Coalition bombardment helped the Kurds keep these barbarians from taking the city, as it did in Kobane. When Isis did manage to break in – during what was more a terror attack than a military operation in June – they butchered 120 people, including women and children.
These are matters of war, and this is the price they entail. Yes, bombing kills civilians as well as Isis fighters. The Syrian Observatory for Human Rights estimates that coalition airstrikes have killed 3,952 people across Syria - 3,547 Isis fighters, 136 Al-Nusra Front fighters and 250 civilians. Russian bombing is thought to have killed 1,331 people, of which 381 were Isis fighters, 547 al-Nusra Front fighters and other rebels, and 403 of which were civilians.
How do you do the maths on that? How do you work out if you save more lives than you end? That is the grotesque morality of war. And it's true that in the West we do not suffer the consequences. Supporters of military involvement – the so-called 'armchair generals' – do not get hit by the bombs they support dropping. But then opponents of military action don't have to be raped and executed by Isis either. If they had had their way, Irbil and Kobane would not stand right now.
We are not discussing whether to start a war. We are discussing whether to get involved in one. It is quite right to be uncertain about that. But it's appalling that so many on the anti-war left want to caricature a difficult moral decision as an act of aggression. Whether we enter or stay away: deaths are on our conscience. That is the moral price of being a military power.
This should have been Jeremy Corbyn's moment. The chorus of disdain which greeted his arrival as Labour leader never recognised that he happened to hold some very popular opinions with the public. Not least of these was his instinctive wariness of western military intervention in the Middle East.
The polls fluctuate, but there is certainly demand for a leading politician to make the anti-war case. But when David Cameron came to the Commons today to make the case for war, Corbyn was unable to do so. He is simply too hamstrung by the open rebellion in the parliamentary party and the hatred of the press. In a desperate bid to keep everything together, Corbyn restricted himself to raising apparent 'concerns'.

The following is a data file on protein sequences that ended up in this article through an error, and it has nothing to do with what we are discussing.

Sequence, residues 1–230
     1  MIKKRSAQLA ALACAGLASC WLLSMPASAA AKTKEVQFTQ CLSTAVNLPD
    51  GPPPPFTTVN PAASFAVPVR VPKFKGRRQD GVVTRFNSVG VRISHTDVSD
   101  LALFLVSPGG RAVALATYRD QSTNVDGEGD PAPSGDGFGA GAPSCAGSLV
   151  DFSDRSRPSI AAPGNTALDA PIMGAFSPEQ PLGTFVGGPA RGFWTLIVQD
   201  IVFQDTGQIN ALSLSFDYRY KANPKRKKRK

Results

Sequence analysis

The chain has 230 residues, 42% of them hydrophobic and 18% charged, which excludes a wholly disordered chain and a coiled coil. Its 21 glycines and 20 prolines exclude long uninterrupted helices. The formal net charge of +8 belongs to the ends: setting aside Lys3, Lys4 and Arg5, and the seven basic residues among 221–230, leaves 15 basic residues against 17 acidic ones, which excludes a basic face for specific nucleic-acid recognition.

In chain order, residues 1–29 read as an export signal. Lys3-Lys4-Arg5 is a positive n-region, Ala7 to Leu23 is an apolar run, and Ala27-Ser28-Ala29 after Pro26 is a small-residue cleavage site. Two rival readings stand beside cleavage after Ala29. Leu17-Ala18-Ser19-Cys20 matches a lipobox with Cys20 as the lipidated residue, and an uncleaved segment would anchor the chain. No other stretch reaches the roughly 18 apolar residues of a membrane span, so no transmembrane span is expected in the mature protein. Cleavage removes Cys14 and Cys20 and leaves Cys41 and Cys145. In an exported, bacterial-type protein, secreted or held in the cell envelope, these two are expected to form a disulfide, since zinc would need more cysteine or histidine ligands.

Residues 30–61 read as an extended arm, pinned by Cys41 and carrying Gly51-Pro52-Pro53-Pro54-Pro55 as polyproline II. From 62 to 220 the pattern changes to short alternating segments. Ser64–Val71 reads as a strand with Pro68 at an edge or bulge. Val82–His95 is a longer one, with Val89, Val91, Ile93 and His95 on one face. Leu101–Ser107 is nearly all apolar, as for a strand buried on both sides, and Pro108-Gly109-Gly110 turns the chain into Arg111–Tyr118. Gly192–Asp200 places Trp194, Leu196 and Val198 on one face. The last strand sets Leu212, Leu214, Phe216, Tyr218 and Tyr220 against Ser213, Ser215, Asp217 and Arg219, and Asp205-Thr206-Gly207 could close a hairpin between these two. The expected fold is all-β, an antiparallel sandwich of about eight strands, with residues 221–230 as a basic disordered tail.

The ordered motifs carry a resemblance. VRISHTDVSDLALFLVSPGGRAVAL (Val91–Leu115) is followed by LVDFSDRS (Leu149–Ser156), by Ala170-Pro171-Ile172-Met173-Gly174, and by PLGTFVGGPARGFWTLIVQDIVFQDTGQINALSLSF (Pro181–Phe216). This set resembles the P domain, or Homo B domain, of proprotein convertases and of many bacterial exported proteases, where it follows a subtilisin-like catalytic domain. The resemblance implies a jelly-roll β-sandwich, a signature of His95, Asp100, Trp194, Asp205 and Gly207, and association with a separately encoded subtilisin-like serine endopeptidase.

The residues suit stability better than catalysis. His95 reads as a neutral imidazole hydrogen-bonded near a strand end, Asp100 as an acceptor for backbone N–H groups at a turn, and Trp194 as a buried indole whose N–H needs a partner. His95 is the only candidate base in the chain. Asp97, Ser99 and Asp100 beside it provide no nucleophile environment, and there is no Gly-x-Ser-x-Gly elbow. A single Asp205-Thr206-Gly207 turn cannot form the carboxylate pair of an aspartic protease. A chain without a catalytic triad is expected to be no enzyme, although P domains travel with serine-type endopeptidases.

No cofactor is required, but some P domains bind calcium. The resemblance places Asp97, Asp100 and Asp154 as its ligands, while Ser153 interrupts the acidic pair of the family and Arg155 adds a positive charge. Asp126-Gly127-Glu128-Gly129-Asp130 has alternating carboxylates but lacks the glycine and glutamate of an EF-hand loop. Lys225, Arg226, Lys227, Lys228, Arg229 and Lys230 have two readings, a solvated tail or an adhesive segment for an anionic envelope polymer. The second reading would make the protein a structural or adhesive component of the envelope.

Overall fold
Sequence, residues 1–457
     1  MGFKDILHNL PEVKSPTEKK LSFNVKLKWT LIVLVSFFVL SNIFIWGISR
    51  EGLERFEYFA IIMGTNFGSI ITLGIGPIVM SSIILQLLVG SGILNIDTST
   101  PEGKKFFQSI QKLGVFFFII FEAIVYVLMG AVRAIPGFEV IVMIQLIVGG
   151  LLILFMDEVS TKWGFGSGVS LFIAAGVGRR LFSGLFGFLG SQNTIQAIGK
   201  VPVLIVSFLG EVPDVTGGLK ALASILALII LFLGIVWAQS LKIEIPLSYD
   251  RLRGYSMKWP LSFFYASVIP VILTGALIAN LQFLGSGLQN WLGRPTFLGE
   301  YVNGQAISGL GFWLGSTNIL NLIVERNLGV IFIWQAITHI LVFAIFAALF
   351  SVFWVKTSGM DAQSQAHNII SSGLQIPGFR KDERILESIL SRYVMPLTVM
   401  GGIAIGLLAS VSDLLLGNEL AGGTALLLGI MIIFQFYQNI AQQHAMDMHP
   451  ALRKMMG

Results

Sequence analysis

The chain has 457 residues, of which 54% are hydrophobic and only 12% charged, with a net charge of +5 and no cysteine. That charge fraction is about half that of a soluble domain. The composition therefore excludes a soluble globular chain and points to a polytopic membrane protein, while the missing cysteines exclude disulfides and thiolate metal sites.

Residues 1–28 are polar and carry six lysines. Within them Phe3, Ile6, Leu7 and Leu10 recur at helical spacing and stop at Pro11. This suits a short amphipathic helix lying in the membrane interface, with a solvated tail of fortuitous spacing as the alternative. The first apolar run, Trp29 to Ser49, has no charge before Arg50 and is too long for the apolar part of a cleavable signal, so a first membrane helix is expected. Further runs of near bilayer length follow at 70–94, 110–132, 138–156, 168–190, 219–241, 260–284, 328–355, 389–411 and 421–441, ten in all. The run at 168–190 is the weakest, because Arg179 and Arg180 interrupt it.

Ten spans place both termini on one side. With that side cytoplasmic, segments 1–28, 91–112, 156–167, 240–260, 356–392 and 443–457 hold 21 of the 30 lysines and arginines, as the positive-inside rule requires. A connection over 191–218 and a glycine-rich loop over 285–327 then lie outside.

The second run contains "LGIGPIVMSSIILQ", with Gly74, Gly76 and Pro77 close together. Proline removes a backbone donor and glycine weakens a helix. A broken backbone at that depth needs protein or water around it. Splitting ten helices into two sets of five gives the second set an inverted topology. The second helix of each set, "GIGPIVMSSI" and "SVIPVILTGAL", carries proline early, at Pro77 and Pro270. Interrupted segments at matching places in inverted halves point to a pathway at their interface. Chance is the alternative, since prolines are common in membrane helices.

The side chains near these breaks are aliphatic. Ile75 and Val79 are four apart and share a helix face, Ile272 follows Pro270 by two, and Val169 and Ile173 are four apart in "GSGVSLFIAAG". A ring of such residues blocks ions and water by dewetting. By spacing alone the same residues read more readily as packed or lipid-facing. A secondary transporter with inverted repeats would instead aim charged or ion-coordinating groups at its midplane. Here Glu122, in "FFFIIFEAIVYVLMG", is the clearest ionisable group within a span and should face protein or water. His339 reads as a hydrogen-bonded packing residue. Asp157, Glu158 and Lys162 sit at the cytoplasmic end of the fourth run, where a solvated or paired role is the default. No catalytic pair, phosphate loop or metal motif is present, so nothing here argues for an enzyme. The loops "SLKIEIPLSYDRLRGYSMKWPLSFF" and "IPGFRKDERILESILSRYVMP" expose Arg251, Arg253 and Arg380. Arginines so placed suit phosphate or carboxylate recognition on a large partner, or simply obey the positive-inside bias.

Some were pertinent, like a question on mission creep. Some had already been answered, such as asking whether Cameron imagined British strikes would be 'war winning' (they won't be and he knows that). Some were irrelevant, such as the vague argument that because previous interventions in the Middle East weren't successful this one couldn't be either. He tinkered a bit with a legal argument which simply isn't open to him. Unlike in Iraq, it seems clear that intervention would be legal.
@IanDunt Yes. I’ll be interested to see if anyone tries seriously arguing against it. I think they’ll have difficulty.
What's depressing about Corbyn's performance – and I say this as someone who is mostly convinced of the case for a British contribution in Syria – is that he doesn't just go ahead and make an anti-war argument. The whole benefit of having Corbyn as Labour leader was that he would make arguments which were rarely heard in mainstream politics plainly and simply. But he doesn't. In fact, he is genuinely being far more slippery than Cameron on this issue.
The prime minister doesn't have all the arguments. In so far as he is convincing on this issue, it is only marginally so. But at least, after being badly burned on a Syria vote against Ed Miliband, he openly recognises where his case is weakest. Corbyn on the other hand is unable to be honest. Because the honest truth is there is no scenario in which he would support the strikes. But he can't say that because he fears he'll lose his party. So instead he disingenuously pretends to be open in principle but concerned about these individual points. They will never go away. One will fall and another rise in its place. They are a rhetorical lie.
What should have been a remarkable moment of a leader of the opposition holding the prime minister to account on an issue he has campaigned on his entire adult life turned into a damp squib. It was left to the rest of the Commons to raise concerns about military intervention and they did so remarkably well.
"Two years ago the prime minister asked us to bomb the opponents of Isis," SNP Westminster leader Angus Robertson said. "Had we done it, it would have strengthened Isis."
Julian Lewis, Tory MP and military expert, said:
"Airstrikes alone will not be effective. They've got to be in coordination with credible ground forces. The suggestion there are 70,000 non-Islamist moderate credible ground forces [made in the prime minister's statement to the Commons] is a revelation to me and I suspect most other members in this House."